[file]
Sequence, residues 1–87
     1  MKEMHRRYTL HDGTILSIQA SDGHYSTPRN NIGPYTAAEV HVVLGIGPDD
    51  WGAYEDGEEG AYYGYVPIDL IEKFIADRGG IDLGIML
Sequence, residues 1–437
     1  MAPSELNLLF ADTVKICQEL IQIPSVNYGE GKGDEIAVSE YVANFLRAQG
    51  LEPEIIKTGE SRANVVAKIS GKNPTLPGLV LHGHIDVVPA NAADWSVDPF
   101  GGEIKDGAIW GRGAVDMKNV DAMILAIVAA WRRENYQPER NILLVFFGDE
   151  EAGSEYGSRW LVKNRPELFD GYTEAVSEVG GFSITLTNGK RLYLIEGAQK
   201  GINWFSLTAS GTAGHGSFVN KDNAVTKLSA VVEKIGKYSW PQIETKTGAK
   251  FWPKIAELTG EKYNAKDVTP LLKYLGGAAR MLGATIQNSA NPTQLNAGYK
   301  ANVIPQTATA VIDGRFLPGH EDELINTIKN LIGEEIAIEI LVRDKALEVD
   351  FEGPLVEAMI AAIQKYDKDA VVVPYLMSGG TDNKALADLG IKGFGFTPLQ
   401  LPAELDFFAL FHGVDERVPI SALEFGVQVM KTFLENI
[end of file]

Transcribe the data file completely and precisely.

Sequence, residues 1–87
     1  MKEMHRRYTL HDGTILSIQA SDGHYSTPRN NIGPYTAAEV HVVLGIGPDD
    51  WGAYEDGEEG AYYGYVPIDL IEKFIADRGG IDLGIML
Sequence, residues 1–437
     1  MAPSELNLLF ADTVKICQEL IQIPSVNYGE GKGDEIAVSE YVANFLRAQG
    51  LEPEIIKTGE SRANVVAKIS GKNPTLPGLV LHGHIDVVPA NAADWSVDPF
   101  GGEIKDGAIW GRGAVDMKNV DAMILAIVAA WRRENYQPER NILLVFFGDE
   151  EAGSEYGSRW LVKNRPELFD GYTEAVSEVG GFSITLTNGK RLYLIEGAQK
   201  GINWFSLTAS GTAGHGSFVN KDNAVTKLSA VVEKIGKYSW PQIETKTGAK
   251  FWPKIAELTG EKYNAKDVTP LLKYLGGAAR MLGATIQNSA NPTQLNAGYK
   301  ANVIPQTATA VIDGRFLPGH EDELINTIKN LIGEEIAIEI LVRDKALEVD
   351  FEGPLVEAMI AAIQKYDKDA VVVPYLMSGG TDNKALADLG IKGFGFTPLQ
   401  LPAELDFFAL FHGVDERVPI SALEFGVQVM KTFLENI